forthcoming Union opera "Froggy
Bottom."
SO HE picked one of the most
rugged gauntlets a "woman"
could undergo; he decided to rush
a sorority.
The test called for both beauty
World IN.ewsI
Ron d-Up
ABy -re Associated Press
1PARIS-Selden Chapin, recalled
United States minister to Buda-
pest, said the arrest of Roman
Catholics is continuing in Com-
munist-dominated Hungary. I
He termed the trial and con-
viction of Josef Cardinal Minds-
zenty "a travesty of justice" and
added: "It is impossible to explain
the transformation of that lion
who was chief of the Hungarian
Catholic Church."
NEW YORK -Inflation and
the Chinese civil war have
brought financial distress to
about one-half of 4,600 Chinese
students in American universi-
ties.
"The crisis has been develop-
ing for a year and a half," said
Dr. Chih Meng, director of the
China Institute of America.
WASHINGTON - Disregarding
scattered Republican shouts of
"regimentation" and "socialism,"
the House voted to give President
Truman broad control over ex-
ports until June 30, 1951.
JERUSALEM - Dr. Chaim
Weizmann was inaugurated as
the first president of the young
state of Israel in a ceremony
filled with ancient Hebrew sym-
bolism.
* * *
WASHINGTON - The Hooverf
Commission recommended that
the Post Office be divorced from
politics.
Their report asked barring of
the Postmaster General from po-
litical committees and decentrali-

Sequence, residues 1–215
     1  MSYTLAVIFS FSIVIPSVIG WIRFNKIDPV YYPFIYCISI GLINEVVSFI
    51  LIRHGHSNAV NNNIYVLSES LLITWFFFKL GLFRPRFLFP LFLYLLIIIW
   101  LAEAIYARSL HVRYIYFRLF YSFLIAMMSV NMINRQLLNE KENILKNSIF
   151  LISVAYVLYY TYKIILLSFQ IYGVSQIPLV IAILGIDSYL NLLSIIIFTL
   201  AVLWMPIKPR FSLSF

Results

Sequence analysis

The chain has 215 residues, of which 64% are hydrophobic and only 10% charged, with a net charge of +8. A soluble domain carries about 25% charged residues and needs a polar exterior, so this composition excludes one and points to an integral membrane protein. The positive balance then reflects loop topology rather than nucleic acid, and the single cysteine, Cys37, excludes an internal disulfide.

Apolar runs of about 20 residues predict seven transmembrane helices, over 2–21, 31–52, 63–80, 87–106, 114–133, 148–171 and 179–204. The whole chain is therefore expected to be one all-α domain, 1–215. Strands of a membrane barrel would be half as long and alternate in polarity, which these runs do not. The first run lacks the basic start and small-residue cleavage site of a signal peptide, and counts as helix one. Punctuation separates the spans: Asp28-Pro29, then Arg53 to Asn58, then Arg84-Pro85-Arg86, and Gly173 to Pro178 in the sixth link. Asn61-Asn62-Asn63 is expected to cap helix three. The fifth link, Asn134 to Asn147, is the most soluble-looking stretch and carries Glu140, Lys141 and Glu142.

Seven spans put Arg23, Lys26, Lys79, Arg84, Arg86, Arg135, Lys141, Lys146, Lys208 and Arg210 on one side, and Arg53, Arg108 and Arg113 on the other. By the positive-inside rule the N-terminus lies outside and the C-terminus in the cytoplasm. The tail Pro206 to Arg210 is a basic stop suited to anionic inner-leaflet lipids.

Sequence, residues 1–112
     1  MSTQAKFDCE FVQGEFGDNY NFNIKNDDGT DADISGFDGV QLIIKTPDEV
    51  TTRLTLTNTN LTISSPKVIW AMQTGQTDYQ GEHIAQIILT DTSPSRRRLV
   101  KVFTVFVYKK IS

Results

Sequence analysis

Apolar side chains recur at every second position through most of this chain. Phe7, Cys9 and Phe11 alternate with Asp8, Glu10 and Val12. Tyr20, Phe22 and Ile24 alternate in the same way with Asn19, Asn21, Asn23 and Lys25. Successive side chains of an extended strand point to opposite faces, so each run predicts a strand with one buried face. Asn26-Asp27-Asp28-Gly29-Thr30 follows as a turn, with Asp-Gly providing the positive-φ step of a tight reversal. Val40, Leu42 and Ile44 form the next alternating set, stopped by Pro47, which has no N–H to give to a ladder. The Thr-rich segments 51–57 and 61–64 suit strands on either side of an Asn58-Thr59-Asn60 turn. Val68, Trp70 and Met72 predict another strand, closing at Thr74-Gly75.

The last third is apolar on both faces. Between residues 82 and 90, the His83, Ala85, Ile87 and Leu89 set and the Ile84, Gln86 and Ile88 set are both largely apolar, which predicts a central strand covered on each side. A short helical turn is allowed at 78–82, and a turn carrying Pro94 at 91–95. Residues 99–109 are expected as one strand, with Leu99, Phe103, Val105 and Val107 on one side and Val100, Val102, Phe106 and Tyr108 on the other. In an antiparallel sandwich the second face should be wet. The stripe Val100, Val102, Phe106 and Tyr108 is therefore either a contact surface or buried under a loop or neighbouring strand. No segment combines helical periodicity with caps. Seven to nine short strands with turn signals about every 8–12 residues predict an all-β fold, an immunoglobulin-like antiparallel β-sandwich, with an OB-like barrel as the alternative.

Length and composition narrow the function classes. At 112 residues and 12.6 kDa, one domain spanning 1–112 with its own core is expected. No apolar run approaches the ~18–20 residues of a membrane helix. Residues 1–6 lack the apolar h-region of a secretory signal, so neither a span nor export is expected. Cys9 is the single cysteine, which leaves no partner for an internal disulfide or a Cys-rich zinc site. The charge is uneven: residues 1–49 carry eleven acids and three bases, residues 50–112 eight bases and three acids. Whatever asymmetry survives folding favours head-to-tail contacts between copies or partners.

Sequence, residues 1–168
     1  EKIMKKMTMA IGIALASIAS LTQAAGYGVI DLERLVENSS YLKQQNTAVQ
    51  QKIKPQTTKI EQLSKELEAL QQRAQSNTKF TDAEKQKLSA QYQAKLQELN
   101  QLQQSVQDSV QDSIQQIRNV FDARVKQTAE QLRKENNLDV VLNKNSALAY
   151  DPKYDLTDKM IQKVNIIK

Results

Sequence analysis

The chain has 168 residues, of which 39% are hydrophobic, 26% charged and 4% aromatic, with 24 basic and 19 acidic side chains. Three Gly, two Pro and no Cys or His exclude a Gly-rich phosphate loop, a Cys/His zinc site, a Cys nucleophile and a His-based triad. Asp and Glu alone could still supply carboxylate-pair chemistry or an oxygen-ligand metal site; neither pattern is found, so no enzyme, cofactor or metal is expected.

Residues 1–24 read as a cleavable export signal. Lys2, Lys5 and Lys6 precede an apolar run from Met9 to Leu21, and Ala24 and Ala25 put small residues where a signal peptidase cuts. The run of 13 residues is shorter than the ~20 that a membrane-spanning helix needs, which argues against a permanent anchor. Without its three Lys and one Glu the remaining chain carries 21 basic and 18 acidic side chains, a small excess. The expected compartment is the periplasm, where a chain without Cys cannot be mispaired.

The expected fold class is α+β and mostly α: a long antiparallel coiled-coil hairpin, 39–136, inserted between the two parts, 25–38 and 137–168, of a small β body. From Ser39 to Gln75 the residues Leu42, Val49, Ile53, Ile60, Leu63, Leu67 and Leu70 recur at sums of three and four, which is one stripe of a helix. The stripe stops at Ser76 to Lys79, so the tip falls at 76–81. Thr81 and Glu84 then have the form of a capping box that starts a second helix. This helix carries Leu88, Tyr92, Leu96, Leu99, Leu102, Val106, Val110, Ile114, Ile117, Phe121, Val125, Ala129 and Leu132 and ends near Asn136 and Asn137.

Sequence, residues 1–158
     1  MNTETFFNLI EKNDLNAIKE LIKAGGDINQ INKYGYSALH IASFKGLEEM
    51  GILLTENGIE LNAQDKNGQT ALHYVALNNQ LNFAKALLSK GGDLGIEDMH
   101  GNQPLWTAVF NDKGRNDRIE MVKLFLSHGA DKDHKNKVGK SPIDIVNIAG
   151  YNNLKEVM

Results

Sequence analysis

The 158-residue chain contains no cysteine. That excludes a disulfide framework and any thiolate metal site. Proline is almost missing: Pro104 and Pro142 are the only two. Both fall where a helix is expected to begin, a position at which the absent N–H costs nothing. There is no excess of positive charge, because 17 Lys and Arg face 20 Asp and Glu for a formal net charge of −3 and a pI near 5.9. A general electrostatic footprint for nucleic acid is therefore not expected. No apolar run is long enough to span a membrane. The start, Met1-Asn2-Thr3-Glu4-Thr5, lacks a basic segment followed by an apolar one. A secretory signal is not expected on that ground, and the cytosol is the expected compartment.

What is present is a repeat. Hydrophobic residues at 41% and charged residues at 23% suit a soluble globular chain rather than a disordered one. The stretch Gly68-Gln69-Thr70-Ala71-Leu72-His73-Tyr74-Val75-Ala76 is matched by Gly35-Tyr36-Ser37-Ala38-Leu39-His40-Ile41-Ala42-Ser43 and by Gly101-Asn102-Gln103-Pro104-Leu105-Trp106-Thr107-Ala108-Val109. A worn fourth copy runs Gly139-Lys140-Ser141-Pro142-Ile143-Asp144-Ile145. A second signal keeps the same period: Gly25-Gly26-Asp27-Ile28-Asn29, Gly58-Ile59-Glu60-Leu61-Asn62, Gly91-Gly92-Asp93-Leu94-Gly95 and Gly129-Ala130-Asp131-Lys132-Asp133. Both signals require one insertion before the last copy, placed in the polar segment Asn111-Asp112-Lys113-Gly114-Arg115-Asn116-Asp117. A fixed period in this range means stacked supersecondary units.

zation of the department into 15
regions, each with directors and
superintendents.
It also called for abolition of
Senate confirmation of postal ap-
pointments.

and charm; Rovner, wlo had only
the barest beginnings of both,
dove immediately and whole-
heartedly into his task.
The 18 year old sophomore
scurried about, calling on his
coed friends with the story that
his fraternity was putting on a
rushing skit and that within a
few hours he must be trans-
formed into the reasonable fac-
simile of a woman.
The coeds were very helpful-
he picked up long stockings, a
hooded coat, dress, and gloves.
After a long and tactful explana-
tion to one of his closer friends,
his trouseau was completed.
So Rovner tripped off to the Pi
Phi house, briefed with the latest
particulars of sorority etiquette.
HE WENT through the receiv-
ing line without even the hint of
a skeptical stare. From the be-
ginning, the Pi Phis liked Natalie
Randolph, the little blue-eyed
beauty with the platinum blond
hair.
The girls'wanted to know if
Natalie would like to tour the
house, but Rovner, shy little
thing, modestly demurred.
Rovner went through the whole
process without a scratch. His on-
ly close call came when the girls1
insisted he take his hooded coat
off, which would have revealed an
obviously phony wig.
Then there were the few agon-
izing minutes when he wracked
his brains, trying to remember
whether women shake hands with
their gloves on or off.
THINGS began to get hot, andI
so did Rovner, who still refused